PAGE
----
Traveling solo is a dream for many, yet for women the idea is often quashed by friends and family who hope to keep them out of what they perceive as harm’s way.

One could call it the last feminist battleground. While most western women today are able to work, choose their husbands and vote – the idea of traveling abroad without a suitable chaperon still raises eyebrows.

Hopeful women travelers are regaled with horror stories about the dire predicaments that similarly minded women have found themselves as a result of traveling alone.

This advice is no doubt well-intentioned by these protective naysayers- but instead of letting their warnings dissuade you from embarking on the trip of your dreams, I recommend tossing them a copy of Beth Whitman’s Wanderlust and Lipstick: The essential guide for women traveling solo” as you head out the door, alone but for your trusty backpack.

Woman On The Road

Whitman is the kind of traveler that others don’t tell you about. A woman traveling on her own who doesn’t end up victimized and forever scarred by foreign men and foreign cultures eager to take advantage of a naïve westerner.

Instead, Whitman has a solid twenty years of travel experience under her belt and is eager to share with other women what she discovered – that yes, it is possible, and sometimes even better, to go it alone.

She doesn’t pander to chick-lit sensibilities with references to the dangers of chipped nail-polish

“Wanderlust and Lipstick” is a great read and Whitman manages to avoid the dry tone that plagues many travel guides, while not straying into frivolity as so many woman-oriented books tend to do.

She doesn’t pander to chick-lit sensibilities with references to the dangers of chipped nail-polish and even tackles the subject of romantic entanglement while traveling in a matter of fact and mature manner.

Written with a good combination of sound advice, tips from someone who’s been there herself and the strong sense that she believes you can take care of yourself, “Wanderlust and Lipstick” casts Whitman as the quintessential older sister, someone eager to share what she’s learned in her experiences to help your own.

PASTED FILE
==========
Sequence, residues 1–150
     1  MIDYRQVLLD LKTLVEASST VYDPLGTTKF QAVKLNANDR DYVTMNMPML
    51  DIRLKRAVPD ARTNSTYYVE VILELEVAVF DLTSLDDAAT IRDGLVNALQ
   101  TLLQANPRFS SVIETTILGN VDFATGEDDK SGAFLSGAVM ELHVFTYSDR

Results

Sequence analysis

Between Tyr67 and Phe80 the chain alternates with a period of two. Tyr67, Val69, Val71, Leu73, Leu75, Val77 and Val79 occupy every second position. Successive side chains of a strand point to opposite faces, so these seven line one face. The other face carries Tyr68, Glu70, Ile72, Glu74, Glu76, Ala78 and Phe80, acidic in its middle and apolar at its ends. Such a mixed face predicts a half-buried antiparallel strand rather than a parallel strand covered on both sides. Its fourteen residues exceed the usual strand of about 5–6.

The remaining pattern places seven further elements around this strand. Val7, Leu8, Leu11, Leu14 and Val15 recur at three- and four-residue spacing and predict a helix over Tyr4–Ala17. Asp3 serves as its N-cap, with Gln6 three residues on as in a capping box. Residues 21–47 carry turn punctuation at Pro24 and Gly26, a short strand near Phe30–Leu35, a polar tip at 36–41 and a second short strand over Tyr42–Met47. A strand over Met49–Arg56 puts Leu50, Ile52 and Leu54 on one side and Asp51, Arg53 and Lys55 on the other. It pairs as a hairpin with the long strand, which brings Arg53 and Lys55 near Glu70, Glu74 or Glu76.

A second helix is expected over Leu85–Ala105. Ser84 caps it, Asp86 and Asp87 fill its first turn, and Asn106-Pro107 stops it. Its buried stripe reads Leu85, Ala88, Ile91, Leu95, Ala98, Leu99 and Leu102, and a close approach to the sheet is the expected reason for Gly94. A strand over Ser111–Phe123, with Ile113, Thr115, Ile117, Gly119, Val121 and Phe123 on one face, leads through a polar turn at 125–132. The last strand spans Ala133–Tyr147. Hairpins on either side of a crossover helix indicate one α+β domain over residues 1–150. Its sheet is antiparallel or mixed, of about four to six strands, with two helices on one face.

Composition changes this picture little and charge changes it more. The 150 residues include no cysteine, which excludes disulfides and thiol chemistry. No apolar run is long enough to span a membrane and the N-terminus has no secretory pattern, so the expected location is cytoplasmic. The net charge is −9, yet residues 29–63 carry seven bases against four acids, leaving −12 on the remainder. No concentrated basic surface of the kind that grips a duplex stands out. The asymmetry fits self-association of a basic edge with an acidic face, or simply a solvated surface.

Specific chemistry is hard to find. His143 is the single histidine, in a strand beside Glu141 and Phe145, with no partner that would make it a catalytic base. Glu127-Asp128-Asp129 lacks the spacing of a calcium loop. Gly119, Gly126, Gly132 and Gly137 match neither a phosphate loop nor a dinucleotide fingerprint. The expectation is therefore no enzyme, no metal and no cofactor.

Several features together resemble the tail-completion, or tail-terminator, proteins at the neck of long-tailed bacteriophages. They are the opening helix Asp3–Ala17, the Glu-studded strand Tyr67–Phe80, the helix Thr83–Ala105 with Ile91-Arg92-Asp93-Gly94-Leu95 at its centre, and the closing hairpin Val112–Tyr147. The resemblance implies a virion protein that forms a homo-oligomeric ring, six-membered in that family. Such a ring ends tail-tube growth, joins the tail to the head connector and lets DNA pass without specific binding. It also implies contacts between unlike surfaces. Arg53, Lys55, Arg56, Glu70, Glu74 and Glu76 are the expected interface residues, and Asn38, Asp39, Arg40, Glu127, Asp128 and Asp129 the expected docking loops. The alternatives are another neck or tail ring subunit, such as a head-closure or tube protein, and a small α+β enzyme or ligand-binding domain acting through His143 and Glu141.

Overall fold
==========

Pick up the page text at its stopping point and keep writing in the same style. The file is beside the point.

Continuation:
The Benefits Of Solo Travel

The sheer readability of the content belies the amount of useful tips and information that is packed within its pages.

Whitman begins by enticing the reader with a list of several reasons to travel alone, inviting the reader to wrap her mind around the concept that there are in fact benefits.

Having done a fabulous job of explaining the “why” of traveling solo, Whitman then embarks into the meat of the book, explaining the “how”.

Travel destinations, booking trips, important safety information, connecting with other travelers on the road and even coming home again, Whitman thoroughly covers every aspect of the traveling experience and tailors it to the female adventurer.

Anecdotes from other seasoned female travelers pepper the chapters, and these tidbits serve to not only liven the reading experience but also play an important role in hammering home the reassuring fact that there are women out there experiencing the world on their own.

If they can do it, there’s no good reason why you can’t.

Whitman presents a great case for women travelers, passing on enough intelligent, safety-oriented advice to satisfy those well-intentioned naysayers while leaving room for her enthusiastic love of travel.

In short, she inspires even the most doubtful women among us to strike out and begin creating anecdotes of our own.

Further reading:

  • Review of Wanderlust and Lipstick at GoBackpacking
  • An Interview with Beth Whitman

Madeleine Somerville is a big city girl living in small city British Columbia, where she works as a newpaper columnist. She has travelled to Thailand and Japan and most recently came back from a few months of sun and sand Down Under.